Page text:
4. Sam says:

    If Charles is the driving force behind house Ashford’s rise to Lesser house this generation then maybe that is one of the reasons for the succession chaos. His know it all attitude may just be masking his inexperience. Successful succession has got to be an institutional skill I imagine. If your family is experiencing a lesser house succession for the first time, past succession practices may not be up to snuff. I am looking forward to learning what happened to all the other heirs and why the house is down to their 20 something grandchildren.

    BTW, I am very happy to find this blog and super glad you are back to delivering more adventure books. Really enjoyed the Alex Verus series and very much enjoying this one as well. Take my money. 🙂 Heck… charge me(us) extra for an advanced reader copy.

    • Benedict says:

      It was actually Charles’s father who did most of the work to raise House Ashford to Lesser House status – he was a WWII vet who made his fortune in the reconstruction era of postwar West Germany. Charles grew up learning the family trade and took over upon his father’s death. Succession is looking like it’ll be somewhat less smooth this time around.

      • Kevin says:

        Well there goes my theory that Charles Ashford was a somewhat self made man, and he kinda of lucked into to being born into a wealthy family. I wonder if seeing Steven being good at Drucraft is more of a mixed bag. It must sting to see someone he views as lower outclassing his other grandchildren, and perhaps could match his nephew one day. He better hope Steven doesn’t join up with the other Houses who would love to see him deal with more succession issues.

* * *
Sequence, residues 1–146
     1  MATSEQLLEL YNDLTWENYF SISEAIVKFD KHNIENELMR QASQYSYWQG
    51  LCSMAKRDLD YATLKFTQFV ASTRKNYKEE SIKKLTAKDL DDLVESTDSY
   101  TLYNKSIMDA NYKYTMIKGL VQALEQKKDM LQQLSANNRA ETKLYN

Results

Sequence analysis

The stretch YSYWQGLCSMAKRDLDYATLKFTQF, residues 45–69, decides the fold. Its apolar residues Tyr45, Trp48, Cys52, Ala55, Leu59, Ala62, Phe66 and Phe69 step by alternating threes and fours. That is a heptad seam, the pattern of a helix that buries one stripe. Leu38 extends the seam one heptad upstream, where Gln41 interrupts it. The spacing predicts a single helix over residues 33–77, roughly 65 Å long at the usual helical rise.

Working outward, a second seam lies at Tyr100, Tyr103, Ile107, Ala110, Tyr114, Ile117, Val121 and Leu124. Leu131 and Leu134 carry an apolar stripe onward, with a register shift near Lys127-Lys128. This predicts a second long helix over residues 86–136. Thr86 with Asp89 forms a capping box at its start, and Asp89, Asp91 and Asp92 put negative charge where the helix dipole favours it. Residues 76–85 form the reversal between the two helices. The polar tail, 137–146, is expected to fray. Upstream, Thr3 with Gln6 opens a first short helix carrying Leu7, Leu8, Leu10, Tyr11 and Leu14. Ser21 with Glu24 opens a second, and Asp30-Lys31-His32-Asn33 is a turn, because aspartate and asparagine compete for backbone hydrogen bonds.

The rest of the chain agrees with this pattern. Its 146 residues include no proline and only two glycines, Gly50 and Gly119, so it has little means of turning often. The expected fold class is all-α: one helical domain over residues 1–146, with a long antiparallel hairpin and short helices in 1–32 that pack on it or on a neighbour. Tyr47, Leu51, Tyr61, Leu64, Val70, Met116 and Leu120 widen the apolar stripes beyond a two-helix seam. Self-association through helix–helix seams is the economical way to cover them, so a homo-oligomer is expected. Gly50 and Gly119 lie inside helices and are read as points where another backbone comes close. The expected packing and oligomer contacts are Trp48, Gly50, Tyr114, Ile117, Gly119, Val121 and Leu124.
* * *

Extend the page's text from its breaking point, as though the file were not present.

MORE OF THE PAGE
And the fact that Charles has a brother, Edward if I remember correctly from the last AMA the father of Calhoun and Lucella, I am guessing that somewhat less smooth means that House Ashford always had succession problems? Is Edward still around or did for lack of better word bad habits drive him to an early grave?

        Judging from his children I am guessing that he was really good at Drucraft since Calhoun is a prodigy but was kinda of a terrible person given how Lucella is, although that makes the genetics part even more confusing unless Lucella is wasting hers.

        • Celia says:

          I think in his most recent AMA, Mr. Jacka said that Calhoun and Lucella have different mothers, and that both marriages ended badly. Lucella was raised outside the house by her mum.

          • Kevin says:

            Yeah they are half siblings although I think both of their mothers were considered unsuitable and only Calhoun got to stay with the Ashfords. Although genetics seem to be all over the place, it seems most of the Ashfords have middling to no skill at Drucraft yet Calhoun is a prodigy. Maybe for whatever reason his House Meusel bloodline is a recessive trait and he was the only who got advanced Drucraft abilities, and/or he trained really hard as well.